More VA documents expose wait-time manipulation and denial of care
The more we find out, the worse it gets.
A new wave of documents obtained through a Freedom of Information Act request provide more evidence that the Department of Veterans Affairs is purposefully keeping veterans away from community health care options by miscalculating appointment wait times.
These revelations are further confirmation that the VA is actively skirting the law by ignoring standards for veterans to access timely care laid out in the VA MISSION Act.
Take a look at what we’ve found out.
Extra barriers in the way of care
Last year, CVA shared a first round of FOIA findings from VA documents that revealed shocking, though unsurprising, actions from the VA. We learned the VA:
- Isn’t using updated eligibility standards for veterans who should have access to community care.
- Is manipulating wait times by canceling and rescheduling veterans’ appointments to create the appearance of shorter waits.
- Is not properly tracking whether veterans are refusing community care – meaning there is no way to know whether veterans are being offered the option and declining it or aren’t being offered the option at all.
- Is actually training its employees on how to dissuade veterans from using community care.
The VA’s behavior presents a real danger for veterans whose health is on the line. Getting care when they need it is vital.
Newly obtained documents provide more of the story of how the VA is putting up additional obstacles to keep veterans out of community care and in the VA system.
A training document from the VA creates an extra layer of review by VA administrative staff (that isn’t required by law) before a veteran can be determined eligible for community care. Here’s what it says:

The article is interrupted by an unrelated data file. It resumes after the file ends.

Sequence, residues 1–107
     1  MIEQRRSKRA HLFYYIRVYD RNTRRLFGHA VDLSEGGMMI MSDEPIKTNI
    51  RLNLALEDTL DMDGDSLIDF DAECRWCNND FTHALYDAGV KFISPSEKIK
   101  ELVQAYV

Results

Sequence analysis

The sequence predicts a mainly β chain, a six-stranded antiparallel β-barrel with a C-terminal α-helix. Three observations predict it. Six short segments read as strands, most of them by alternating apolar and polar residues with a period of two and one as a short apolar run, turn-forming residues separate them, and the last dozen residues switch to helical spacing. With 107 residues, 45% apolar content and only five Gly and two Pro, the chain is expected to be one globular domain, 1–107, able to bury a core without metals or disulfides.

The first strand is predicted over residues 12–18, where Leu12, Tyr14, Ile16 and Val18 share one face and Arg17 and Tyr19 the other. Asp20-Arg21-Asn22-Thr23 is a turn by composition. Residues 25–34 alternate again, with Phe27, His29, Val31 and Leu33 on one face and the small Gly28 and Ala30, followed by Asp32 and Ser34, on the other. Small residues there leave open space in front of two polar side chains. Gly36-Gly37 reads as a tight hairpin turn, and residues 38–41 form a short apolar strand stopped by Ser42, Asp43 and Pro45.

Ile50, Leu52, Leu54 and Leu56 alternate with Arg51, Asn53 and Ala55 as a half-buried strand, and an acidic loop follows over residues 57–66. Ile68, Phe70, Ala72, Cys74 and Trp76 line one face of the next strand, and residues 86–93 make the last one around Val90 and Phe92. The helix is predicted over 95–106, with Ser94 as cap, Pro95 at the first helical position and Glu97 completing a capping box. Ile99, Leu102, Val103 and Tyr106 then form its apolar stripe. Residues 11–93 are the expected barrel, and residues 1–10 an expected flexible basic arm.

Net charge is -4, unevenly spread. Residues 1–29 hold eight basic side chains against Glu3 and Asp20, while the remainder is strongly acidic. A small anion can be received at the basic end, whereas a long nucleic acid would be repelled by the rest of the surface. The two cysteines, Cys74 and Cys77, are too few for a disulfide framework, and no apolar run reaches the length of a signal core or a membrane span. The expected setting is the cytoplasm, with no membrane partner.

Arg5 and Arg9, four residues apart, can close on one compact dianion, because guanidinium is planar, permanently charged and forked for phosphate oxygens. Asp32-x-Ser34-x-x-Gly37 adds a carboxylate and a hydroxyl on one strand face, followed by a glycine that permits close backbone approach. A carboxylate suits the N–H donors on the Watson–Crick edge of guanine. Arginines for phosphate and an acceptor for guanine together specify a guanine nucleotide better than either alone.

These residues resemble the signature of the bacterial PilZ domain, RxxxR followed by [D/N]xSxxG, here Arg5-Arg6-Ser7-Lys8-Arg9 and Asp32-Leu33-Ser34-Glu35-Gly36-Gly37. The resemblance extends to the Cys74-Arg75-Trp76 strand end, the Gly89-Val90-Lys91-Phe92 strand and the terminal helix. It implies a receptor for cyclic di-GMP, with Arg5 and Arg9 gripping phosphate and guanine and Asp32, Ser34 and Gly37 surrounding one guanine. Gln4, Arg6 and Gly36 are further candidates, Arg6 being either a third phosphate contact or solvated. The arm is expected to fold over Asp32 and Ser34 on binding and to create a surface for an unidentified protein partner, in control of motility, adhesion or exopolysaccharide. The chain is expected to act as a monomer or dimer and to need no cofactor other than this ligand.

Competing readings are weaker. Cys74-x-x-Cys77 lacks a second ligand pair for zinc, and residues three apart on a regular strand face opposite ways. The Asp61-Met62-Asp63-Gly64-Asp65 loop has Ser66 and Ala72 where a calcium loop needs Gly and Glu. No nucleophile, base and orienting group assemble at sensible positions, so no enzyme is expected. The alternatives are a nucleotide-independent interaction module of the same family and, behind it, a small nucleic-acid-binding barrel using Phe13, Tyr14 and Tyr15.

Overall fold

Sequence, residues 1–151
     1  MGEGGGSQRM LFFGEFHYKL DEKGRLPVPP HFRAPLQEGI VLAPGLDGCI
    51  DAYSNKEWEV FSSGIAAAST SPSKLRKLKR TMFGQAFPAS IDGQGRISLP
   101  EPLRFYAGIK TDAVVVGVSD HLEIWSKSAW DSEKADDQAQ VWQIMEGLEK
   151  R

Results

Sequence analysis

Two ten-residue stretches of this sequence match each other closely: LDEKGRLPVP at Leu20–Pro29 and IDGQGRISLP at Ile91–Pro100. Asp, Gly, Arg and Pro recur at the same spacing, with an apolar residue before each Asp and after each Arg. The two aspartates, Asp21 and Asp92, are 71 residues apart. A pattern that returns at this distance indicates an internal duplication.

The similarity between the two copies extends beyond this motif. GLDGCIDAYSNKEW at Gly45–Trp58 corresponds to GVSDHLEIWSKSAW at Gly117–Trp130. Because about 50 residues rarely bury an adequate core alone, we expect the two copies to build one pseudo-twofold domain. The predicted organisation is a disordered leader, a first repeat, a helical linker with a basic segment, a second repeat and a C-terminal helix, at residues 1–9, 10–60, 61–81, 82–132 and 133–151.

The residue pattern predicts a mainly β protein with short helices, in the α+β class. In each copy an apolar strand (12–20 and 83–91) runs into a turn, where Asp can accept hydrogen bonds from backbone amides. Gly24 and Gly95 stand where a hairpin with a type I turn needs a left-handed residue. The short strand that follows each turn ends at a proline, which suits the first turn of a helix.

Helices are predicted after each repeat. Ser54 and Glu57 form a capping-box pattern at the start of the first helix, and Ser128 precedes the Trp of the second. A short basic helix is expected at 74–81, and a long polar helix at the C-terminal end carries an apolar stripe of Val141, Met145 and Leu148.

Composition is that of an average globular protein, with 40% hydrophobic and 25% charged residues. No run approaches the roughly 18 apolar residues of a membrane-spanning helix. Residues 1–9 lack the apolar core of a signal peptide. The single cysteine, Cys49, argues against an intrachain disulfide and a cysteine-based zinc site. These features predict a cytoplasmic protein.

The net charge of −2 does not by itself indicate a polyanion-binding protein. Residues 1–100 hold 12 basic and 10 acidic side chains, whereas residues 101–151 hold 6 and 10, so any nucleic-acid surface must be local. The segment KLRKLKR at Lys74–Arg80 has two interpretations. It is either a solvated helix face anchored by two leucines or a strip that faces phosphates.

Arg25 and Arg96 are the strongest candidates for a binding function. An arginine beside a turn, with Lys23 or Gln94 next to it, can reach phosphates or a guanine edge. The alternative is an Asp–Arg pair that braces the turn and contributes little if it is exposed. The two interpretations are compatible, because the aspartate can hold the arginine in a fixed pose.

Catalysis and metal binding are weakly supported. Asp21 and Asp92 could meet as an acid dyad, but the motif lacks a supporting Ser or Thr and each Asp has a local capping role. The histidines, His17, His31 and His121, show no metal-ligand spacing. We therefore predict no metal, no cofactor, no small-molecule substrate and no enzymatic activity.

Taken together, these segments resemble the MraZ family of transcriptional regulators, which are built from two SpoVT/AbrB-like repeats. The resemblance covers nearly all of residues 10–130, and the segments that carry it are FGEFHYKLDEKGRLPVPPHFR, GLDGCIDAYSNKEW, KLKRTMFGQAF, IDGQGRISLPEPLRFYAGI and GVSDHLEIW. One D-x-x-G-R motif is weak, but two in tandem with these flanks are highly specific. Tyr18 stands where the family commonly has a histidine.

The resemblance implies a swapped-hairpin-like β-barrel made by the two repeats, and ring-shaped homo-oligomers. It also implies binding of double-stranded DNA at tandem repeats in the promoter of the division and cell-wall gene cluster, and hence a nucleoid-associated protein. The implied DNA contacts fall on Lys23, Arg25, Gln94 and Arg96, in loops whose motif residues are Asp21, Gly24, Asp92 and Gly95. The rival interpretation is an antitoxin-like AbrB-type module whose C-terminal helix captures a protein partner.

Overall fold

“After eligibility has been confirmed, clinical review is performed to determine if the requested services are clinically appropriate to be authorized for delivery in the community.”
When eligibility has been confirmed, that should be the end of it. Confirmed eligibility should not trigger a further review that stands as a barrier to care.
VA congratulates itself on its own mismanagement
Then there is the continued manipulation of wait times to lock veterans into VA appointments.
When a veteran’s appointment wait is longer than 20 days for primary care or 28 days for specialty care, that veteran becomes eligible for community care. So what VA schedulers and administrators have done is game the system by using the wrong dates to calculate wait times. This keeps the wait times low and keeps veterans at the VA.
Rather than calculating wait times from the date a veteran first requests an appointment, VA staff uses a “patient indicated date,” or the date on which the veteran would like to be seen. Patient indicated date gives staff more leeway to schedule appointments outside the 20/28-day rule, which denies veterans eligibility for community care.
Here’s an example from the FOIA review. This appointment scheduling shows there were 48 days between the date a veteran requested an appointment to the date of the appointment. But there are 0 days between the patient indicated date and the date of the appointment. This means the veteran who should have been eligible for community care was deemed not eligible because the patient indicated date was used to determine eligibility.
The “good job” seal the VA put on the record is an especially harsh slap in the face as the VA congratulates itself on its own manipulation of wait times.
We’ve said this a lot, but it’s worth repeating: The VA is taking deliberate steps to take health care decisions out of veterans’ hands and put them in the hands of the bureaucracy.
The VA has a responsibility to provide veterans with timely, quality care in accordance with the law, whether that means care at the VA or care in the community. But as this evidence makes clear, that just isn’t happening.
Veterans should have the freedom to choose where they seek their medical care. Tell lawmakers to support the Veterans Health Care Freedom Act.